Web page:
Wednesday, April 03, 2013
Ind. Gov't. - "Licensing bill likely dead" - the "Eraser" bill
Legislation pushed by Gov. Mike Pence to eliminate licensing requirements for more than a dozen occupations is apparently dead, killed by a lack of support from both Republicans and Democrats in the General Assembly.As the ILB noted in this Jan. 28th post, SB 520, if passed, would repeal IC 25-1-16, the current "Regulated Occupations Evaluation Committee" (ROEC), and replace it with the "Eliminate, Reduce, and Streamline Employee Regulation Committee" (ERASER). The permanent ROEC is the group that earlier recommended elimination of hairdresser and cosmetologist licensing, and it remains in operation.
The legislation, Senate Bill 520, would have automatically “sunsetted” licensing requirements for a range of occupations, from real estate agents to cosmetologists. A watered-down version of Pence’s original proposal passed the Senate in February. But Senate Bill 520 won’t get a hearing in the House, according to both the bill sponsor and the chairman of the committee to which the bill was assigned.
State Sen. Randy Head, a Logansport Republican who was asked by the Pence administration to carry the bill, said legislators wanted to change the language of the bill to give the General Assembly the authority to determine which, if any, occupational licenses would be eliminated.
“The governor’s people disagreed with making that change,” said Head.
Pence’s office released a brief statement saying the legislation isn’t dead. But the bill is stopped in its tracks. The language in Senate Bill 520 would have to be inserted into another bill in the final week of the legislative session, when lawmakers meet in a conference committee to hash out details of final legislation, that would have to be voted on again by both chambers.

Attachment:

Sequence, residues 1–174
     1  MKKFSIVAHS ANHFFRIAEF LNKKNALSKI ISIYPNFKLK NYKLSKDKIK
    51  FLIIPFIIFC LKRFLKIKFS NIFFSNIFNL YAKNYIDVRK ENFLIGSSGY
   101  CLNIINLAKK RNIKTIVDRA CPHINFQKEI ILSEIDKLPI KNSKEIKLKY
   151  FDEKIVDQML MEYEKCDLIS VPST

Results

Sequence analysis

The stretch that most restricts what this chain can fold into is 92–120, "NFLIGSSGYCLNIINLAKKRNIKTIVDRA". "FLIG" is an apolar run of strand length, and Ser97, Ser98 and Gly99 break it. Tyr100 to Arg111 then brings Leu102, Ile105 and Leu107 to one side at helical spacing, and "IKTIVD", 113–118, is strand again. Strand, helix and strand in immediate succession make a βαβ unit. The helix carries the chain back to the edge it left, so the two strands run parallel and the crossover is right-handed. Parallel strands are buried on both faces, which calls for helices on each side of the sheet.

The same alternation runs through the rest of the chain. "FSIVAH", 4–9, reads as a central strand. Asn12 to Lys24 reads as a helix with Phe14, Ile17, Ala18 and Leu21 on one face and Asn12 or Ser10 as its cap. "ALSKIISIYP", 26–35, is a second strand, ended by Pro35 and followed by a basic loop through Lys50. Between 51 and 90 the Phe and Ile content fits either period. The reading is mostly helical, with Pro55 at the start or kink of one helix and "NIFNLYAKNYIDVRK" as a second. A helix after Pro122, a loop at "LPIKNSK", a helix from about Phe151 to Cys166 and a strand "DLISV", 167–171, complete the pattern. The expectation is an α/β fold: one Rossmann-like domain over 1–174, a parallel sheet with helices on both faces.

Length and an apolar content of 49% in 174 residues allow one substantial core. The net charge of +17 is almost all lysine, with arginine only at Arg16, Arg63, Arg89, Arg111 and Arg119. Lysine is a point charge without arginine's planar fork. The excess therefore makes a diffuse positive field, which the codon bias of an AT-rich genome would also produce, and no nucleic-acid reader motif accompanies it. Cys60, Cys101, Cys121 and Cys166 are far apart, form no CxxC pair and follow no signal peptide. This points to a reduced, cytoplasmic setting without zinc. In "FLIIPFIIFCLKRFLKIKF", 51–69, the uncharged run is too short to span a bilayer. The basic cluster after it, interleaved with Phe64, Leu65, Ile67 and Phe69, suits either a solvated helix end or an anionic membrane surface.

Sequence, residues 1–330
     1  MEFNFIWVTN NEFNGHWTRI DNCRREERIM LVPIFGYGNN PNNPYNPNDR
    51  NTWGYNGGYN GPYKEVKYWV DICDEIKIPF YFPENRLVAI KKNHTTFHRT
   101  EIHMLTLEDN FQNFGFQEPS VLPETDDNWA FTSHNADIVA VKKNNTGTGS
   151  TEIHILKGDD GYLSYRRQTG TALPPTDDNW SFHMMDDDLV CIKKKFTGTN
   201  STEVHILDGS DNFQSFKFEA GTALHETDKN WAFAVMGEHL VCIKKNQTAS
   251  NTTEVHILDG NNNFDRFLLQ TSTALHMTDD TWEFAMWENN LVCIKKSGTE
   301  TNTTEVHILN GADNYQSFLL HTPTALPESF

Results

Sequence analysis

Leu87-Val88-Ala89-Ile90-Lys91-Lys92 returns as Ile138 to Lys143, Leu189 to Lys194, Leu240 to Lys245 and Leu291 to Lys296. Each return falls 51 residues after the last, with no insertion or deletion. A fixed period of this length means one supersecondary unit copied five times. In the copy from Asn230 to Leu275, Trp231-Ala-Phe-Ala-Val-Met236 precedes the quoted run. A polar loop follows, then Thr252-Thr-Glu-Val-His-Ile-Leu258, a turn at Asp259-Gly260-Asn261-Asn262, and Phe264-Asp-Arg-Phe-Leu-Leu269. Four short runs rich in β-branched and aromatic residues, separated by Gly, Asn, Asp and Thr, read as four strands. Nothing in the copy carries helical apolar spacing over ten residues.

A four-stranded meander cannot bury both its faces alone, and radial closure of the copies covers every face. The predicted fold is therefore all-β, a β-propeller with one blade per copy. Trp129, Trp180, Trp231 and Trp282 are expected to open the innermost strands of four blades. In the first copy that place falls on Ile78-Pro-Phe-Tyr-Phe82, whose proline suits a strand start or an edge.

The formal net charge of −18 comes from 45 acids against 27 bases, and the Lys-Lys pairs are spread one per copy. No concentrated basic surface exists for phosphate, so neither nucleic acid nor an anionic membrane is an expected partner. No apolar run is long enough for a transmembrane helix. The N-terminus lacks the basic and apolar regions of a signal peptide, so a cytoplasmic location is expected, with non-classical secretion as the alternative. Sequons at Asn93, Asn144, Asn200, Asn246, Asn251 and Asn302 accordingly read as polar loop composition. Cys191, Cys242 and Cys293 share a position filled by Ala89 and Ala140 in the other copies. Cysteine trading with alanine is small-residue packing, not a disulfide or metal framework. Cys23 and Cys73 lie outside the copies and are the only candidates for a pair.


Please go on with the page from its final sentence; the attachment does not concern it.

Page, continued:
It’s unclear if there’s any support for that. Rep. Steve Stemler, a Democrat from Jeffersonville and chairman of the House Select Committee on Government Reduction, said he decided against hearing the bill due to the lack of support from legislators on both sides of the aisle.
Republican state Rep. Mike Karickhoff said the General Assembly rejected similar legislation last year, after people whose occupations would be affected protested against eliminating the licensing requirements.
“There’s been some deregulation take place, but I’d say we’ve hit a plateau because for two years in a row, the Legislature has stalled these efforts,” Karickhoff said.
Pence, who took office in January, put Senate Bill 520 on his legislative priority list this session and campaigned on the idea of eliminating a wide range of occupational licenses, calling them a deterrent to employment.
In his much-touted “Roadmap for Indiana,” Pence called for the creation of a regulatory committee “for the express purpose of reducing the number of occupational licenses.”
Dubbed the ERASER Committee (for “Eliminate, Reduce And Streamline Employee Regulation”), the appointed body was also to be tasked with a “sunrise” review of legislation creating any new occupational licenses. * * *
The bill’s original language, supported by Pence, would have set in motion a process to automatically eliminate licensing requirements for 35 different occupations. The Senate reduced that number to 13.
In the Pence version of the bill, the occupational licensing requirements would have been automatically sunsetted unless the General Assembly passed legislation to keep a specific occupational license in place.
Head said there were legislators in both the Senate and the House who wanted the opposite to happen. They wanted licensing requirements to continue unless the General Assembly voted to end a specific license.
Under Senate Bill 520, the occupations that faced the automatic elimination of licensing requirements included athletic agents, dietitians, professional geologists, home inspectors, interior designers, land surveyors, massage therapists, professional soil scientists, auctioneers, real estate brokers, certified surgical technologists, behavior analysts, cosmetologists, barbers, electrologists, estheticians and manicurists.
Republican state Rep. Ed Clere of New Albany is one of the legislators who expressed concern about the bill’s potential negative impact.
“At a time when we’re trying to find ways to help stabilize employment and promote job creation, we shouldn’t be doing anything that could cause additional uncertainty or disruption in any business.”
Posted by Marcia Oddi on April 3, 2013 08:49 AM
Posted to Indiana Government